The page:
ORIGINAL PAPER
An exploratory examination of mindfulness, self-compassion, and mindful eating in relation to motivations to eat palatable foods and BMI
 
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Submission date: 2017-07-19
Final revision date: 2017-10-05
Acceptance date: 2017-10-05
Online publication date: 2018-01-30
Publication date: 2018-01-30
 
Health Psychology Report 2018;6(3):207–215
 
KEYWORDS
TOPICS
ABSTRACT
Background:
Preliminary findings suggest that mindfulness and self-compassion training are associated with enhanced weight regulation. However, the associations between these traits and body mass index (BMI) are mixed.

Participants and procedure:
In a cross-sectional investigation, university students (n = 183) were asked to fill in questionnaires on mindfulness, self-compassion, mindful eating, and motivations to eat palatable foods.

Results:
The results suggest that mindfulness, self-compassion and mindful eating related negatively to motivations to eat palatable foods. Mindful eating displayed the most significant relationship. Further investigations showed that some subscales of self-compassion, mindfulness and mindful eating related to motivations to eat palatable foods and BMI more significantly. The ability to draw more and better conclusions by investigating the relationship of subscales to health behaviors and outcomes, especially with self-compassion, has been noted in previous rationales and theories. The notable relationships were (a) the enhancement subscale of the motivations to eat palatable foods, which appeared to relate positively to self-judgment, isolation, and over-identification, while (b) the coping subscale related to all subscales within the self-compassion scale.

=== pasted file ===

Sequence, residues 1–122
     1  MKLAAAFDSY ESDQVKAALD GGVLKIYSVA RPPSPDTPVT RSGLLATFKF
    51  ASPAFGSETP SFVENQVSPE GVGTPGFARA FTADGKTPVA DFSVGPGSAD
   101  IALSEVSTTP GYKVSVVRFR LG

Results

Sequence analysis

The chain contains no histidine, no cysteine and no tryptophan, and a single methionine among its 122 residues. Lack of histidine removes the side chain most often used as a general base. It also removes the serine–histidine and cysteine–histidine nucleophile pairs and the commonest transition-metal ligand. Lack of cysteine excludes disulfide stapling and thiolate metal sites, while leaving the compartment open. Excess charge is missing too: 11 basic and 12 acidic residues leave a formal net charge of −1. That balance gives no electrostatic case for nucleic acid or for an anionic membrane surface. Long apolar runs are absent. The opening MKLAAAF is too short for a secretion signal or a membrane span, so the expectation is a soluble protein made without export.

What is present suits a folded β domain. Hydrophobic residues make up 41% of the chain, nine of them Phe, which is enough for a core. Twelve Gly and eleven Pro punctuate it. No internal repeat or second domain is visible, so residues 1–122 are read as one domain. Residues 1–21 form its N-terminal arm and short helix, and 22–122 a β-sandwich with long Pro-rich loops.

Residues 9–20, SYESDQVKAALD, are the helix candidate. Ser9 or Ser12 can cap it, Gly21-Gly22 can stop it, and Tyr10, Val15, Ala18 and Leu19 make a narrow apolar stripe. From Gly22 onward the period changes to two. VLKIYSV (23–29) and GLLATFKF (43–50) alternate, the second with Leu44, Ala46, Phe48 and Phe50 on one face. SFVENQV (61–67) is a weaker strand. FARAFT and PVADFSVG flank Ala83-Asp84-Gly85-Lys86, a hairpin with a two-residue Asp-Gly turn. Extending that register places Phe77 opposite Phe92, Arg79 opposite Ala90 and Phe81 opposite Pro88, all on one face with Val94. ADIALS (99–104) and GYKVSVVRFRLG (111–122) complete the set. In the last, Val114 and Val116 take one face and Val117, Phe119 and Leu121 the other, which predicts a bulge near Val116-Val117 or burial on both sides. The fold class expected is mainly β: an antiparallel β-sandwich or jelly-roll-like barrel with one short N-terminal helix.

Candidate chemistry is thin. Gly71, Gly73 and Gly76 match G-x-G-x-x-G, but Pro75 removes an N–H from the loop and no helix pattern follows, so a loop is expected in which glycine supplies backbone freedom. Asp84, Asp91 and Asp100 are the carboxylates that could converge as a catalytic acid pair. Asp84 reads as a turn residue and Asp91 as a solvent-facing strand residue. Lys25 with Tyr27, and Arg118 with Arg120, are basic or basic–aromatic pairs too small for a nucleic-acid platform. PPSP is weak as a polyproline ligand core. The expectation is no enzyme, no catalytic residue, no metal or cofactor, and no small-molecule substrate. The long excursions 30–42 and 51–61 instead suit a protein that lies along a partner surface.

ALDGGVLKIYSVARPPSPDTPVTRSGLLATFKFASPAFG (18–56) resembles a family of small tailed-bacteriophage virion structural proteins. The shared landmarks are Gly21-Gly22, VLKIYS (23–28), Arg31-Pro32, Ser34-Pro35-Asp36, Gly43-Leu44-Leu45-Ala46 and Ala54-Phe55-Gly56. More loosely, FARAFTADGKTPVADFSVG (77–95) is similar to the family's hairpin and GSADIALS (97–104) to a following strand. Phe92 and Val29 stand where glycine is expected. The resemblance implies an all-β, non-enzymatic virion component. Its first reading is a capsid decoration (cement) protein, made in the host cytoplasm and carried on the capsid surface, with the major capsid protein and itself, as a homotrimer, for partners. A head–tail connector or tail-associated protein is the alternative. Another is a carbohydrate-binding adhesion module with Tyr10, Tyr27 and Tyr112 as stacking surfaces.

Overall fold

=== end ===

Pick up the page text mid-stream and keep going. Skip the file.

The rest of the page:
Conclusions:
The current findings support different lines of research that suggest that mindful eating, mindfulness and/or self-compassion support weight regulation. Mindfulness practices could potentially add the right motives to eat palatable foods (such as being motivated to eat when people are hungry), and potentially eat less of the foods that lead to weight dysregulation. The findings are discussed and suggested paths for further research are recommended.

 
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